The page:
Metal ceilings: interesting look, sustainable design
The pace of BurgerFi store openings is sizzling faster than a patty flips. With more than 50 locations opening this year and 50 more planned in 2014, the company is bringing back authenticity to the hamburger via natural vegetarianfed beef, never frozen or microwaved, while taking another step toward keeping it real. With ecology on its mind, the company is using environmentally sustainable best practices in its restaurant prototype, and that includes constructing its ceilings with expanded metal and using perforated metal panels as a wainscot, specifically from Tampa, Fla.-based McNICHOLS product line. “We use the McNichols metal products because we love the look, but more importantly because it is a sustainable product,” says Sandy Karp, director of construction and development for BurgerFi International, North Palm Beach, Fla.
A metal solution
The expanded metal product that is populating the ceilings of BurgerFi locations across the country is made from 1 1/2-inch, 0.125 galvanized aluminum flattened and bond-cut on four sides into ceiling tiles of 23.75 by 23.75 inches. The perforated metal product creates a 3-D look. The material, which is installed into a 1,000- to 1,800-square-foot area of the interior, excluding the kitchen, is cut on-site and suspends in a grid system, an advantage that helps lower expenses for BurgerFi franchisees.
“We add a layer of black acoustical tile above the ceiling panel to achieve a very clean urban look,” Karp says. “This allows us to keep the look we want with the metal while lowering the amount of square footage that needs to be cooled.” Likewise, the material is easy to work with and trim out for light fixtures and diffusers.
While each BurgerFi differs slightly based on location and range from 2,000 to 3,500 square feet, they are generally the end cap locations. Due to its post-consumer and post-industrial recycled contents, McNICHOLS metal as a ceiling application is consistent with BurgerFi’s commitment to earth-friendly elements that reduce the carbon footprint.
BurgerFi carries through with its commitment by choosing chairs that are made from recycled Coke cans and recycled milk jugs, as well as a large fan that is supplied by a certified LEED Gold company that uses recycled material, 35 percent less energy and 58 percent less water than buildings meeting minimum code requirements. To understand corporate’s decision to use expanded metal in its ceiling design is to appreciate the nature of the BurgerFi business model.
Honoring the burger stand
The concept is to build urban burger stands across the nation that combine the energy and spirit of the ’50s and ’60s burger joint using updated modern décor with easy-to-maintain material like metal as featured elements.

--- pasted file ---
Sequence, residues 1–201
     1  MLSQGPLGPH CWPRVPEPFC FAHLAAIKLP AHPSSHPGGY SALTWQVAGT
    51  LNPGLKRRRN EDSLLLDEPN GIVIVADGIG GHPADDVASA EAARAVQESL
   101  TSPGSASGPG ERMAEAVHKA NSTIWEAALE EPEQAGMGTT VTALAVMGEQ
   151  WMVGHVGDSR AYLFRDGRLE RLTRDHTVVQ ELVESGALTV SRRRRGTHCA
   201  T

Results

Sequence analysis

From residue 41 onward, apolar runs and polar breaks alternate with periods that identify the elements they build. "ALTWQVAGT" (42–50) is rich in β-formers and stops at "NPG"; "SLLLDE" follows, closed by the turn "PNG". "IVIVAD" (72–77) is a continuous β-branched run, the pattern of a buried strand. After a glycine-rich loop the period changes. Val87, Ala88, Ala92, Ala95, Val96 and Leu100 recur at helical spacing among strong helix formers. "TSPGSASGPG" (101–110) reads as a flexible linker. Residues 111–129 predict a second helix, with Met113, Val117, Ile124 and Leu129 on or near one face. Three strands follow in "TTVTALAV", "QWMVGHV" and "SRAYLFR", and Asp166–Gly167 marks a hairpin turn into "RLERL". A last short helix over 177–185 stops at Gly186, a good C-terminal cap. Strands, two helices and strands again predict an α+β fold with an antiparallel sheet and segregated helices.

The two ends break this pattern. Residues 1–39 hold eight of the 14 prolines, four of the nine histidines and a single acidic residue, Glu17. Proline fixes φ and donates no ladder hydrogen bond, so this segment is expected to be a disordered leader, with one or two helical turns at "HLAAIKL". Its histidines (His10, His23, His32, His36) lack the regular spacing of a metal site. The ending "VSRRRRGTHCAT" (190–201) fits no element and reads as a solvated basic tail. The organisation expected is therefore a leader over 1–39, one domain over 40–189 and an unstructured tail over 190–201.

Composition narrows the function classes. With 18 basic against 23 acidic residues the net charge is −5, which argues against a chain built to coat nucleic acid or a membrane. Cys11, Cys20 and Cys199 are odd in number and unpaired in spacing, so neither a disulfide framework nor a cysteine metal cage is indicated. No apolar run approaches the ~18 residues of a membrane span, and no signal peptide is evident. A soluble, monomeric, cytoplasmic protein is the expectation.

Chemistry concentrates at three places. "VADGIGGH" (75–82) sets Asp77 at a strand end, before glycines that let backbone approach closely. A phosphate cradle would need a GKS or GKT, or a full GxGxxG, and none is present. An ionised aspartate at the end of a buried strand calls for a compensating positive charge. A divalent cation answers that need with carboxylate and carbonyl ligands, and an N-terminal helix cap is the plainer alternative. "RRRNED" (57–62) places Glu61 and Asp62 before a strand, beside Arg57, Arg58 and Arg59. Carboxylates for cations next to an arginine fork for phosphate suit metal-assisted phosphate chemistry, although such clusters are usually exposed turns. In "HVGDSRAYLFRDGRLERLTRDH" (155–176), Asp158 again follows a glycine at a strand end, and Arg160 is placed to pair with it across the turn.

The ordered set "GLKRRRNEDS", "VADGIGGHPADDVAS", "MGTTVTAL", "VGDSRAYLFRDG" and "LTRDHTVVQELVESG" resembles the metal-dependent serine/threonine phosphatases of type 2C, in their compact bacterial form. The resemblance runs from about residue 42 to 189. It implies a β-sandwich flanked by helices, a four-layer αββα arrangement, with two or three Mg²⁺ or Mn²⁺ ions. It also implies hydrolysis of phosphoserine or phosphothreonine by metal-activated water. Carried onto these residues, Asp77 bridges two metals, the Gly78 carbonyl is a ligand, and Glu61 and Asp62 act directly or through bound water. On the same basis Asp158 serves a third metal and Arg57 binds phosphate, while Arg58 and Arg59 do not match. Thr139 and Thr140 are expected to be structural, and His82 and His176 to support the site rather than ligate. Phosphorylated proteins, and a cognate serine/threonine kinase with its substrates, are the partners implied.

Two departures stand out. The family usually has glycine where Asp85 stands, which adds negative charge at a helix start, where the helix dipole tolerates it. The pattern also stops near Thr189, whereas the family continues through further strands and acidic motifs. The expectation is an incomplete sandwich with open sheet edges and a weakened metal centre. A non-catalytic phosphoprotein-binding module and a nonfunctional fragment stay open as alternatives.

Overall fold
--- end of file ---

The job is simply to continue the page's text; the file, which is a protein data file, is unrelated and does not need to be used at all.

The expanded metal is installed as a drop ceiling with sufficient space above the metal to accommodate black acoustical tile, and “with an expandable metal ceiling, it’s open and see-through,” says Karp, “so the acoustical tile is painted black making the expanded metal stand out.” Adding the acoustical tile and the large fan, which spans 10 feet in diameter and uses 66 percent less energy than traditional cooling systems, creates a more energy-efficient space, she said. Karp, who joined BurgerFi in September 2012, a year after its founding, spent the first several months refining the original design prototype and product specifications, including modifying the ceiling system. “The metal ceiling fits our brand,” she says.
To maintain consistency in the design and construction standards, franchisees often work with architects and builders in their respective states. San Antonio-based Mdn Architects have implemented the design criteria for several Texas BurgerFi locations, including Sugar Land, Garland, San Antonio and South Padre Island. While the concept of an open style expanded metal ceiling is new to Mdn, “it’s a nice idea that looks sharp,” says Xavier Delgado, Mdn’s vice president and director of design, whose firm works with many restaurant franchises. “We do a lot of prototypes and this one is really intriguing,” he says. “I like the idea of the industrial look.”
Cladding with perforated metal
Extending the metal design feature another step, BurgerFi’s construction standard includes a wall cladding feature of perforated metal, another McNICHOLS specified product. The perforated 1/2-inch round on 11/16-inch staggered, 0.125 aluminum was cut from 4- by 10-foot panels. Secured and mounted over drywall in a black channel frame system, the perforated metal covers the lower portion of the walls, serving the aesthetical and practical purposes of carrying out the brand image and protecting the drywall from wear and tear. The drywall behind the metal cladding system in semi-gloss or satin and can be cleaned by vacuum through the perforated metal.
Mary Estes, principal of Estes & Co. Marketing Communications, is a freelance writer who covers metal trade industry topics, including materials, application and design. For more information on McNICHOLS Co., Tampa, Fla., visit www.mcnichols.com.